Hell Architect brings dark humour and netherworld themes to traditional colony / base builder simulation gameplay. Developed by Woodlands Games and published by Leonardo Interactive, Hell Architect lets you take on the roll of hell manager where you can design your own little slice of hell. Inspired by games like Dungeon Keeper and Oxygen Not Included, your first job is to gather resources such as dirt, coal and metal, and build items to care for your sinners (ie labour force). Beds, food production, water processing, and toilets are all required to keep your sinners busy working for you and keep them as happy as can be, given the circumstances they’re in.
Similar to the mechanism of collecting screams in the film Monster’s Inc., your second job is to collect suffering from the sinners to create special buildings and torture devices. Gaining suffering via the various types of torture devices was an unfortunate but necessary mechanism that was just unpleasant to witness. While the torture is coated in cute animations and helpings of humour, I couldn’t find that aspect of the game fun. Even torturing horrible historical figures couldn’t bring me around to enjoying the core mechanic. The sounds were a little over the top, though once you moved them away and out of focus, they got on with what they had to do and I could concentrate on the other tasks at hand. For gamers who may be bothered by the cartoon nudity and bloodsplatters, these options can toggled off in the settings.
If you are the kind of gamer that must play the paragon, or struggles to have a sense of humour about macabre, I highly recommend checking out the prologue demo before you purchase the full game. I found the gameplay easy to pick up during the tutorial stages. Some aspects of initial set up for each level can be grindy and repetitive at times, and with it being quite linear, I don’t see much variation in gameplay from player to player other than different decorations. There is still the set core group of resources required for the sinners and they need the same requirements to maintain happiness. The chuckle-worthy devilish characters, quirky inquisitive music, and challenges kept it interesting once the initial set up is complete in each scenario. Encountering new sinners and torture devices did help to maintain momentum for each new scenario level.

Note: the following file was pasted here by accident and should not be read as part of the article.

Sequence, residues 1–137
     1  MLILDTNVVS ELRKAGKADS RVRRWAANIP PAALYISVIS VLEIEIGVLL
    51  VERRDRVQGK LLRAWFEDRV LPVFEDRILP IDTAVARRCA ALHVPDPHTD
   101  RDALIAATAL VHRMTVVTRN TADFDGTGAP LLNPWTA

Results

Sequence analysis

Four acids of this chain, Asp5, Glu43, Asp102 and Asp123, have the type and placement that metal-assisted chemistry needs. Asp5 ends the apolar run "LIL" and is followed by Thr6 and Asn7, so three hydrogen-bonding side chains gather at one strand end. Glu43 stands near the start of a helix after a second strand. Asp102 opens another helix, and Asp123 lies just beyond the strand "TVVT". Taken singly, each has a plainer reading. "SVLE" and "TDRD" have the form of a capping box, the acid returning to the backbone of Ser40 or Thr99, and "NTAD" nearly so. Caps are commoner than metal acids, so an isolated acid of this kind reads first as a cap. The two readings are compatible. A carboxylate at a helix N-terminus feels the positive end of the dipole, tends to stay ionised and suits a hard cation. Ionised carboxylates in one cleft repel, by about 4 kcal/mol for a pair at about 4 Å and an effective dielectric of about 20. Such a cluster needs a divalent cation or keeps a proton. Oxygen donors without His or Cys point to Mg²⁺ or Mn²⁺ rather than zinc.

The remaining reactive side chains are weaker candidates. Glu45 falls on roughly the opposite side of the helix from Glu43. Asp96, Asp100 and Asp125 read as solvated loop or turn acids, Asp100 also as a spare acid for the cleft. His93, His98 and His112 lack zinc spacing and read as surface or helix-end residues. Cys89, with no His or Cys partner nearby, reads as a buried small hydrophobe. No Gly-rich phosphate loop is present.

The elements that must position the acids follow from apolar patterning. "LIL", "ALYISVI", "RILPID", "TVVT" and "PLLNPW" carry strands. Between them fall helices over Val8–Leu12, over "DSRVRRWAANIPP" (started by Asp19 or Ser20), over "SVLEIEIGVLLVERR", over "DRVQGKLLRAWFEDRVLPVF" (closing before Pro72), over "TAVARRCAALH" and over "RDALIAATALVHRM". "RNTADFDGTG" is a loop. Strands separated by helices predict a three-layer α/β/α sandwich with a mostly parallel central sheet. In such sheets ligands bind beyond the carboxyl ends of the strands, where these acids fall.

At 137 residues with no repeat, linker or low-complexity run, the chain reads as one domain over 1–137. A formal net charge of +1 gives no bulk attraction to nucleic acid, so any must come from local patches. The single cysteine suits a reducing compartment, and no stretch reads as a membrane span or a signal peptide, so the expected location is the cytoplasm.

The sound design in Hell Architect is simple and filled with humour. For example, if you neglect to look after the needs of one of your sinners, they can pass on to Limbo. When they expire, unseen choirs sing the Hallelujah Chorus from Messiah. The voice acting throughout the tutorial and scenarios adds even more colour to the game. Once you have mastered the basics and completed the story and scenarios, you’ll then be able to play Architect mode which will give players more freedom to create their own style of hell. One play through of the story was enough for me though.
The user interface and visibility of resource information was clear and I appreciated the names of the resources being listed as well as the icons. Generally the keyboard and mouse mapping was easy to adjust for this style of game, though I would have appreciated the option to remap a couple of the control choices. Since release back in August last year, Hell Architect has had multiple updates including bug fixes. A 2022 roadmap has been announced promising plenty more content updates and on initial inspection, there looks to be more scenarios which may give the game more replayability which would be ideal. Woodland Games have developed a sound colony / base builder simulation game for the sadist gamers out there.
This review utilised a key provided by Renaissance PR and Hell Architect is available for PC and MAC.